The world is facing the twin food-based challenges of providing sufficient nutritious food for a growing population, and at the same time providing foods that reduce diseases of affluence, such as diabetes and obesity – which are reaching epidemic proportions worldwide. Innovations in agricultural resilience and food for health and healthy aging are at the heart of these challenges, as is recognising that food is inextricably tied to production, management, and culture and rights.
As part of our strategy to find practical solutions to these challenges the Future Food Beacon of Excellence (Beacon) is investing £2 million in two world-class, highly interdisciplinary, research projects.
The first project is titled:
This project is led by Prof Andy Salter.
Investigators: Andy Salter (Lead), Asgar Ali, Simon Avery, Serafim Bakalis, John Brameld, Jo Gould, Ourania Gouseti, Yin Sze Lim, Sean Mayes, Tim Parr, Ying Zhang
Aim: The overall aim of this project is to evaluate novel plant and non-plant protein sources and to develop the most suitable for animal feeds and/or human consumption.
1) Protein is an essential component of the human diet and, within the poorest global populations (particularly sub-Saharan Africa and parts of South Asia), deficiency of high quality protein still represents a significant nutritional problem.
2) Global population growth, which is projected to reach 10 billion by 2050, will inevitably require the production of more high quality protein foods, for both direct human consumption and for animal feeds.
3) Increased animal and aquaculture based food demands, to match expected population growth, will put extreme strains on the existing infrastructure, available land, and have implications on climate change through increased Green House Gas production. Thus the current strategy for producing animal-derived protein is unsustainable.
Objective 1: Investigate the alternative means for generating protein and whether these can be manipulated to improve the quality or efficiency by which protein is produced.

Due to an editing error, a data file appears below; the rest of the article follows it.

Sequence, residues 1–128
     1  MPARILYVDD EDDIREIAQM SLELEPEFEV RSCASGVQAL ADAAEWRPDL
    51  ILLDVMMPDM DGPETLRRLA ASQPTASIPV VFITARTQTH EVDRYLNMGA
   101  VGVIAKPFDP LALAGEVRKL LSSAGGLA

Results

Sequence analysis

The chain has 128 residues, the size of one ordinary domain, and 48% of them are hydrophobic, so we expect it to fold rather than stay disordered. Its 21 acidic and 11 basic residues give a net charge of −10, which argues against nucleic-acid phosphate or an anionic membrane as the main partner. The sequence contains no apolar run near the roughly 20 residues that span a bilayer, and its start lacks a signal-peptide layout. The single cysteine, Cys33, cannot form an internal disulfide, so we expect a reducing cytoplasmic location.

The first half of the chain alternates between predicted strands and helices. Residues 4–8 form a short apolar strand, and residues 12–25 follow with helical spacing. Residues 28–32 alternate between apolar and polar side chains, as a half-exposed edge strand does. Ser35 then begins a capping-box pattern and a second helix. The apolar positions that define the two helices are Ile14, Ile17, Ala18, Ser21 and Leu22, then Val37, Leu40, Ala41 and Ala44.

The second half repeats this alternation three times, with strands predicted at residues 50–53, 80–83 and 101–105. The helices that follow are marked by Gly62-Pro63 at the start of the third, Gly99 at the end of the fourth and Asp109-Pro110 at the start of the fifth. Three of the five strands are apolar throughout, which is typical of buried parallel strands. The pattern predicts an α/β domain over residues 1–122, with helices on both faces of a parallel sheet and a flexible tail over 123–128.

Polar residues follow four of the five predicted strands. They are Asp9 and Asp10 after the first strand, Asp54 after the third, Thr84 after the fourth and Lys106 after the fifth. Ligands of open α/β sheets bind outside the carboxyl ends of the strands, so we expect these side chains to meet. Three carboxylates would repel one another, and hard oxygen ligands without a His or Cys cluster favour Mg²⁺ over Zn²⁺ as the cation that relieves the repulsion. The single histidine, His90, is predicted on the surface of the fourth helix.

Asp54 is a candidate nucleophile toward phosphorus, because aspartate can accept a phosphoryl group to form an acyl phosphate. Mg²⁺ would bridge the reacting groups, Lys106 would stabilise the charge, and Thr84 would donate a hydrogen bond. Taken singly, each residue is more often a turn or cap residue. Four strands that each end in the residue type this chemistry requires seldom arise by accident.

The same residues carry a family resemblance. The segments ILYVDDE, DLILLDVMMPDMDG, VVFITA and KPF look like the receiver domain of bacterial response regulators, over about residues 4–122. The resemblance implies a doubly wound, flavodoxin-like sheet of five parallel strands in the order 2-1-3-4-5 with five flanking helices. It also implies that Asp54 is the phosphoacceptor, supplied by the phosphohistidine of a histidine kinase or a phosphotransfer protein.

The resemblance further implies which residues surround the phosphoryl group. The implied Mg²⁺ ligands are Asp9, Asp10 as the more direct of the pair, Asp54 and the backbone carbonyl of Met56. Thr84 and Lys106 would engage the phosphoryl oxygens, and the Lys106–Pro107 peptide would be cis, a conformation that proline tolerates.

Objective 2: Determine interventions which potentially utilise alternative, low-value feed sources to facilitate the sustainable production of such proteins.
Objective 3: Development of these protein sources for use in aquaculture, farm animal production or as human food ingredients.
The second project is titled:
This project is led by Dr Matt Jones.
Investigators: Dr Matt Jones, Prof Zoe Wilson, Dr Levi Yant, Dr Rahul Bhosale, Prof Sarah Metcalfe, Dr Zinnia Gonzalez-Carranza, Dr Franziska Schrodt, Dr Jenn Gaskell, Prof Markus Owen, Dr Barry Lomax, Dr Steve Ramsden, Dr Erik Murchie, Dr Ranjan Swarup, Prof Tony Pridmore, Dr Michael Pound, Dr Sara Goodacre, Prof David Salt, Prof Suzanne McGowan, Dr Simon Gosling, Dr Matthew Johnson.
Aim: The Palaeobenchmarking Resilient Agricultural Systems project aims to understand how plants respond to climatic stress within their past, present and projected agricultural systems considering the impact of environmental, biological, economic, and social variables towards improving productivity and sustainability of future agriculture.
Agricultural resilience has been a challenge for societies for over 11,000 years. Archaeological and geological records describe the successes (i.e. Hodder 2007), and failures (i.e. Weiss 2016), encountered in the past, while recent social unrest in the Fertile Crescent, the first home of agriculture, demonstrates the complex and changing social, economic, and environmental landscapes that can lead to a lack of resilience (Kelley et al. 2015). To improve our understanding of over 11,000 years of agricultural resilience scenarios and maximise the lessons we can learn from these, we will investigate past, present and projected agricultural systems in centres of agricultural origins, including: Latin America, the Fertile Crescent, and East Asia.
The project uses an interdisciplinary, holistic approach to understand agricultural systems in their full complexity, without which projections of future agricultural resilience cannot be robust.
The project is organised across three themes:
Theme One: Maize and Latin America
Theme Two: Cereals and South West Asia
Theme Three: Multiscale Trait Discovery Pipeline
Opportunities associated with these projects will be advertised shortly. Please check here for more information.Meer informatie
|Titel||Future Food Innovation Challenge Programme|
|Employer||University of Nottingham|
|Job location||University Park, NG7 2RD Nottingham|
|Gepubliceerd||januari 29, 2019|
|Vakgebieden||Milieuwetenschap,   Agronomie,   Biogeneeskunde,   Waterwetenschappen,   Bosbouw,   Voedingswetenschap,   Agrarische economie,   Aquacultuur,   Gewaswetenschappen,    and 6 more. Horticultuur,   Gewasbemesting, diervoeding en menselijke voeding,   Gewasbescherming en diergezondheid,   Bodemwetenschappen,   Afvalmanagement,   Dierwetenschappen  |